The coronavirus pandemic and the economic and political processes it provoked are changing the balance of power in the world. The EU has shown its failure and has virtually ceased to exist as a governance structure.
This point of view was expressed in an interview with the Hungarian Magyar Nemzet by the famous American political scientist, the founder of the “shadow CIA” – Stratfor Analytical and Forecasting Center George Friedman.
COVID-19 is changing the lives of entire countries. One of the main questions that interested Hungarian journalists was how, in the opinion of an experienced political scientist, the world will change after the coronavirus pandemic subsides?
The American analyst George Friedman, who became famous for his accurate forecasts, noted that it was impossible to predict the onset of a dangerous infection and the crisis provoked by it
“This outbreak is not a political event,” he explained. “People tend to believe that they rule the world, but it’s not.”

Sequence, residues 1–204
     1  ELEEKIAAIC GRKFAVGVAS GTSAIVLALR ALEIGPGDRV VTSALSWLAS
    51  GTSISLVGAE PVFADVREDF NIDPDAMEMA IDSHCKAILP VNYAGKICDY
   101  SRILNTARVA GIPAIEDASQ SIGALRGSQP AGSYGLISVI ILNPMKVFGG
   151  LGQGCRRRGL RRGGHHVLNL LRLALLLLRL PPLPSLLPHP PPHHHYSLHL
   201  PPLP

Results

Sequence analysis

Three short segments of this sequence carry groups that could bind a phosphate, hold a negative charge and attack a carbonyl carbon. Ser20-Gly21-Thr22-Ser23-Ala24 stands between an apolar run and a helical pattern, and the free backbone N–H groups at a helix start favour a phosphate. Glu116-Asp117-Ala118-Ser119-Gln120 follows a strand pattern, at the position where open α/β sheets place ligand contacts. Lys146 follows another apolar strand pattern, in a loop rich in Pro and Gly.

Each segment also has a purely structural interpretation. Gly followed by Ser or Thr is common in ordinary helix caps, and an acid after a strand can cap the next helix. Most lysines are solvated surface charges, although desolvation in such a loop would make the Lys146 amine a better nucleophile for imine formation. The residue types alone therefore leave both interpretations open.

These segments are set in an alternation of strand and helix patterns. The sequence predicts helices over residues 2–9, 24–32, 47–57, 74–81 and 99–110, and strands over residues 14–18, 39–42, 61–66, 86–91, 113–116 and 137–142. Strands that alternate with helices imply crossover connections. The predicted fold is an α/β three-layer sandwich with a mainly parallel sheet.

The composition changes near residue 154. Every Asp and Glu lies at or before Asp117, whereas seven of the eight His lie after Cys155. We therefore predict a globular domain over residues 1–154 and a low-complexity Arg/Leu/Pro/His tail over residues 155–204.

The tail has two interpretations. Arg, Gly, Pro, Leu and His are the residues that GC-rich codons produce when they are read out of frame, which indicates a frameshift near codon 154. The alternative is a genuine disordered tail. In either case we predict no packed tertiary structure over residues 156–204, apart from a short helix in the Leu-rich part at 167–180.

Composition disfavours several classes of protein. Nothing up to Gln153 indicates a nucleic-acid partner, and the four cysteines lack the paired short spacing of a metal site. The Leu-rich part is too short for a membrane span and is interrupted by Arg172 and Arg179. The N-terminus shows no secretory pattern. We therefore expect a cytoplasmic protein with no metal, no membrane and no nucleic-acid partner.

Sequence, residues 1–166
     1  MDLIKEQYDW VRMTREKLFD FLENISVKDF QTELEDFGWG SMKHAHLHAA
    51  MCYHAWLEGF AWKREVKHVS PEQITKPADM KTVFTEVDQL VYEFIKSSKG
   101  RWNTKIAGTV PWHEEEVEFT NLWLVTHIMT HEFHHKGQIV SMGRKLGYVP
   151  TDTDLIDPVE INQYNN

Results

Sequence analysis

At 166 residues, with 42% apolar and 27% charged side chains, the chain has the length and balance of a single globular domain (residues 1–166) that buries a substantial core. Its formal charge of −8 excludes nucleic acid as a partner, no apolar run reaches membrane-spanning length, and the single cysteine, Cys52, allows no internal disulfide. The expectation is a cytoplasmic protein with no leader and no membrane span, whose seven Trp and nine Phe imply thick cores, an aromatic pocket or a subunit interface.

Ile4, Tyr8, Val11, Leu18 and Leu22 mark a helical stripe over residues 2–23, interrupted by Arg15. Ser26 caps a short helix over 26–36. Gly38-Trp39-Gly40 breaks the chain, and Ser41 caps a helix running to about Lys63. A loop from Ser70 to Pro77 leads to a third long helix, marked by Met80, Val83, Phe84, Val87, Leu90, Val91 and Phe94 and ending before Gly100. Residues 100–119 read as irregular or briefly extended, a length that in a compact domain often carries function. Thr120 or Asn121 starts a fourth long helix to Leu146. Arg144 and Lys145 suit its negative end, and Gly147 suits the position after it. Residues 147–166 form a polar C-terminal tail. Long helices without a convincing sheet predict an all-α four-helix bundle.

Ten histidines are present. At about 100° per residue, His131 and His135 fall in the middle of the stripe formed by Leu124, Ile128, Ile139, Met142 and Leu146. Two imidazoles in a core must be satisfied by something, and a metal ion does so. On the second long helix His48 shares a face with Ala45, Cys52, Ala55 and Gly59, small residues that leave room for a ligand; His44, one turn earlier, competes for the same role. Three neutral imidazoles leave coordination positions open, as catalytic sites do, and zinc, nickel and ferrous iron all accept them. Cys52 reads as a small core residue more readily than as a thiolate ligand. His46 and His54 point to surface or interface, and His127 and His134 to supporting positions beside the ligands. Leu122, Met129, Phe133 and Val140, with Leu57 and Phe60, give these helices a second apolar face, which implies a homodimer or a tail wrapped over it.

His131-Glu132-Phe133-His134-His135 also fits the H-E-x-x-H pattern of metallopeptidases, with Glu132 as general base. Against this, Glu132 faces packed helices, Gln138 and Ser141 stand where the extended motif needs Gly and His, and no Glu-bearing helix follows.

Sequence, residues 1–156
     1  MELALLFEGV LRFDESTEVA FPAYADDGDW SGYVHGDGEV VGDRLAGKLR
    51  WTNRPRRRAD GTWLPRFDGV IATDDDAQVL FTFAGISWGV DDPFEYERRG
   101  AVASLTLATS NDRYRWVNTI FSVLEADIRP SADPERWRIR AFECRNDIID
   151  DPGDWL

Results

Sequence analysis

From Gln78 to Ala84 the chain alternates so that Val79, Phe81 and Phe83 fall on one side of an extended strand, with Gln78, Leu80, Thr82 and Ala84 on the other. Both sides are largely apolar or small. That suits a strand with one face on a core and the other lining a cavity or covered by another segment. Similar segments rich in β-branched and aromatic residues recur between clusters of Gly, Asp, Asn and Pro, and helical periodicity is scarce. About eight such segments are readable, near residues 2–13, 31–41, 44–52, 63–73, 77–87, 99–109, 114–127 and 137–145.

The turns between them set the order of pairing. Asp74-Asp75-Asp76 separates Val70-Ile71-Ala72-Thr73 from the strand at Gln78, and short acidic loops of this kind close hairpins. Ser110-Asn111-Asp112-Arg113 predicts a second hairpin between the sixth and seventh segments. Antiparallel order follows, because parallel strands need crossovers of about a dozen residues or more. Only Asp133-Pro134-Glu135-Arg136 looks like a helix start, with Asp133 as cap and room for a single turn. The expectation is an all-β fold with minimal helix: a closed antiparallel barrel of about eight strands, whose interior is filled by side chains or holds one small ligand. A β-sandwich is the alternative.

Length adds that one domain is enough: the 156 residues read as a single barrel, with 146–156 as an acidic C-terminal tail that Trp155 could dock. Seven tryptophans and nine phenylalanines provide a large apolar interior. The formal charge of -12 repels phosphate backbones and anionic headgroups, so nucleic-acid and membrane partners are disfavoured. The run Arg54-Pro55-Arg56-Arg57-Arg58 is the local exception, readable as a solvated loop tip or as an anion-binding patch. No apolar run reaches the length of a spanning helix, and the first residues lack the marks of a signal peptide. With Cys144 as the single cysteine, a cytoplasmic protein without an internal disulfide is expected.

One can already see how the epidemic and the crisis processes caused by it are changing the balance of power in the international arena.
“The most important change is that the European Union has already disappeared,” the analyst said. – There is Berlin, Budapest, Paris – they make decisions and take care of their citizens. In Europe there have always been strong nation states. The European Union, as a “supergovernmental government,” turned out to be just a temporary structure.
According to him, the point is not that national states will be reborn, but that they did not disappear anywhere.
“I’m sure that some kind of European zone will act, for example, the European community as a form of business cooperation and – it’s always been a good idea,” says Friedman. “But the idea of pan-European governance was a mistake: the EU did not have enough power and determination for this.”
The American analyst is sure: the European Union has already shown the limits of its effectiveness.
“As we have already seen, during a war or an epidemic, Brussels is not able to make the right and responsible decisions,” said the political scientist.
At the same time, he added that there is no problem with creating a free trade zone, since Europe needs it.
“Here we live in North America,” Friedman gave an example. “But this does not mean that Canadians can dictate to us how to shape our political system.”